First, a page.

The last German student to die as a result of a duel using thrusting swords—not unlike the French épée de combat—was the young jurist Adolph Erdmannsdörffer.
Buried in the village cemetery at Wöllnitz, now integrated into the Thuringia town of Jena, his grave marker recalls him as “das letzte Opfer der Stoßmensur” (the last victim of the thrust Mensur).
The worst part: It was his own fault.
The Irish beat each other with shilelaghs, the English drew blood with singlesticks and quarterstaves, the French wielded canne and baton. The Portuguese still play at jogo de pao and the Italians had the bastone. The Germans, however, showed no interest in wooden weapons, at least after the Fechtschul traditions of dussack and assorted staff weapons (most of which with a blade of one kind or another) had disappeared. How come? Continue reading
Posted in 19th Century, fencing, Schläger, Stick Fighting, Weapons
Tagged baston, bastone, cut fencing, georg venturini, hiebfechten, j christoph amberger, la cane, shilelagh, stick fighting, stock fechten
The German novelist and poet Wilhelm Hauff (1802—1827) is more famous for his fairy tales than for his novels. Unreasonably so, because his Memoiren des Satan alone are better written and more enjoyable than all the semi-competent writage they throw at German literature students in college these days.
Hauff studied philosophy and theology at Tübingen. In 1826, he wrote Mitteilungen aus den Memoiren des Satan (Memoirs of Beelzebub), in which he works in some of the fencing activities of his brother, a member of the Tübinger Burschenschaft.
For the connoisseur of Gedecktes Hiebfechten, this is a rare monument of armament and strategy of the early Mensur… Continue reading
Posted in 19th Century, Duel, fencing, Library, Schläger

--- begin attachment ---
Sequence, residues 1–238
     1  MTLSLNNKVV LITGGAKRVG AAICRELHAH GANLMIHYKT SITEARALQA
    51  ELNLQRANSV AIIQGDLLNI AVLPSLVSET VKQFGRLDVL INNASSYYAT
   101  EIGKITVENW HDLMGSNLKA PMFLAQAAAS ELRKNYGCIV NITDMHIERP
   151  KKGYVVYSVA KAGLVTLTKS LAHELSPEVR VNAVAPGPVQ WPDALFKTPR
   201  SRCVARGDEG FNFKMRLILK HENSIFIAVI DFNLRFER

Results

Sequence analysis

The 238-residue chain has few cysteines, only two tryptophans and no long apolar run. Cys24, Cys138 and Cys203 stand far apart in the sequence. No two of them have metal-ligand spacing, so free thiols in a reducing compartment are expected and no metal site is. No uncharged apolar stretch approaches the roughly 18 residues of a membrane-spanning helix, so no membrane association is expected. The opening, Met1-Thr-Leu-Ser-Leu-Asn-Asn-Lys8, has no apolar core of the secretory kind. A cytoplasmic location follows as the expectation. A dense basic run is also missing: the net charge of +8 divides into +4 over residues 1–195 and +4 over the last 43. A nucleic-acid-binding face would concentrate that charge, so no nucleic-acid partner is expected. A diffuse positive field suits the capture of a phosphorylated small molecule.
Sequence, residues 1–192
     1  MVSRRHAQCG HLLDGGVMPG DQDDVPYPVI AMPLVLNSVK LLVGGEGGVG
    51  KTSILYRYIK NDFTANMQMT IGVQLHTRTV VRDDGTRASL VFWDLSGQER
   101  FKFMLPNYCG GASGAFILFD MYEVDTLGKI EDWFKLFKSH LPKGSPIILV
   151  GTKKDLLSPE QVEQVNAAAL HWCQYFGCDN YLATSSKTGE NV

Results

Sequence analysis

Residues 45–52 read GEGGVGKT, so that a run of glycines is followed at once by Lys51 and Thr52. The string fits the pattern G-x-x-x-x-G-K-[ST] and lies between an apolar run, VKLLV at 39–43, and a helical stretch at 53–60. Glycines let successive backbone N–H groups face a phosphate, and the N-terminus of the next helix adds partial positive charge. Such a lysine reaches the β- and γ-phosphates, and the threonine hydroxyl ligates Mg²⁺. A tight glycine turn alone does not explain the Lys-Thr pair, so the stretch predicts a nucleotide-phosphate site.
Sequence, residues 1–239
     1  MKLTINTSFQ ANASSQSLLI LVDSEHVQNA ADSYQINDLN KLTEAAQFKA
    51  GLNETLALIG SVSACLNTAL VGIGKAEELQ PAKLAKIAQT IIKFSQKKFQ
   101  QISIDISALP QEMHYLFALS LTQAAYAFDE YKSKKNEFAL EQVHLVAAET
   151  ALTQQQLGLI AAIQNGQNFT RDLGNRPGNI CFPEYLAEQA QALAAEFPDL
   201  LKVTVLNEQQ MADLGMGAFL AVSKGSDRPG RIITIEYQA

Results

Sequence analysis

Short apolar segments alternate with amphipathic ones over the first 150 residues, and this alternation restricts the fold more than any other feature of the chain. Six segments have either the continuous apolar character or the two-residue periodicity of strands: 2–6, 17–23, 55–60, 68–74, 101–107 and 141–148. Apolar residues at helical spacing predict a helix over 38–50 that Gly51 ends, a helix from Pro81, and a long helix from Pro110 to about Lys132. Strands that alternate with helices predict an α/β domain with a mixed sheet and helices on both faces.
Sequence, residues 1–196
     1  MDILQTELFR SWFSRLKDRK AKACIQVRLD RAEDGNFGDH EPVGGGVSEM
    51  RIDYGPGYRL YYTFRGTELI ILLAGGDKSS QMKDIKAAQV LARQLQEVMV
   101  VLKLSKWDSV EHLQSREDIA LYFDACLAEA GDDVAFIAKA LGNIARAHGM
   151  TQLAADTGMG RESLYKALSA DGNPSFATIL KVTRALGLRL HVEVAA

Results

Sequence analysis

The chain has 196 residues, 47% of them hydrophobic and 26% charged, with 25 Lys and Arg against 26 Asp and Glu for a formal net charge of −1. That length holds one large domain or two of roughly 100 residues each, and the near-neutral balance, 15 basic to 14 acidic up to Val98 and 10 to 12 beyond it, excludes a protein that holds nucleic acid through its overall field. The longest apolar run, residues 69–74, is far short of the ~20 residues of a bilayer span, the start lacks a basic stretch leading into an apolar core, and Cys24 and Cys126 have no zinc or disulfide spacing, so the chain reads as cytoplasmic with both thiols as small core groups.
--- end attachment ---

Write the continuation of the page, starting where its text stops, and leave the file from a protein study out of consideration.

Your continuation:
Tagged Biedermeier Mensur, memoiren des satan, memoirs of satan, mensur, Schläger, tübingen mensur, wilhelm hauff
Who’d possibly want a matched set of tin figures staging a Biedermeier-era Mensur?
Err… yes, who indeed. Possibly the same kind of person who has a sextett of Spelter and bronze fencing figurines staring at his desk?
This one we haven’t acquired—yet. But would accept it from our Leibbursch any time. Continue reading
The expansive basket of the Mensur-Korbschläger not only protects head and hand of the fencer. In some cases, it served as a record of Mensuren fought. Like this 1844 weapon… Continue reading
Over at Deutsche Hiebfechtkunst, we’re compiling a repository of cinematic evidence regarding the various methods of European Cut Fencing. Check it out—and point out more to us!
Click right here!
Posted in 19th Century, 20th Century, fencing, Saber, Schläger, singlestick
Tagged cut fencing, fencing, glockenschläger, Hanns Heinz Ewesr, heavy saber, hiebfechten, Horst Wessel, korbschläger, mensur, saber fencing, sabre, säbel, Student von Prag, Terrone
For non-competition oriented forms of Central European cut fencing, this was the beginning of the end: Starting in the 1870’s, a diaspora of Italian fencing masters managed to displace, and then obliterate, traditional European cut fencing systems.
How, who, and why?
Read on! Continue reading
Posted in 19th Century, fencing, Foil, Saber, Schläger
Tagged barbasetti, Italian saber, magrini, parise, pavese, pessina, radalli, Saber, säbel, sciabola, sestini
geb. Jena, 27. Juni 1843; gest. Leipzig, 20. Mai 1913
von Oskar Roux
Kaum hatte Ludwig Roux das Zenker’sche Institut in Jena absolviert, so unterrichtete ihn sein Vater in der Führung aller blanken Waffen sowie im Jagdrevierdienste. Am 18. September 1863 wurde er von der Jenenser Universität zum Adjunkten (vorfechter) bei seinem Vater bestellt, allerdings ohne Gehalt und ohne Aussicht auf spätere Anstellung in Jena. Zum 11. März 1865 berief man ihn als Universitätsfechtmeister nach Leipzig. Continue reading
FencingClassics members were among the first to see this up-to-now unknown early work of German Romantic genre painter Carl Wilhelm Hübner surface from oblivion. Now it’s official: It’s indeed a Hübner. And a great re-discovery!.
by J. Christoph Amberger
Baltimore, MD— An unknown painting from the formative period of the German Romantic painter Carl Wilhelm Hübner was recently discovered in the art collection of a private fencing history archive in Baltimore, Maryland.
The oil painting measures 46.5 cm by 60.5 cm and depicts a pair of fencers in the costumes of the early 19th century.
Posted in 19th Century, fencing, Schläger
Tagged amberger, burschenschaft, carl wilhelm hübner, duel, escrime, fechten, fencing, german painting, mensur
All those long and lonely summer nights…
(Click to enlarge!)
Posted in 19th Century, Schläger
Tagged Corps Brunsviga, Corps hannovera, cut fencing, escrime, esgrima, fechten, göttingen, hiebfeshcten, mensur, mensurschläger, Schläger, schlägerfechten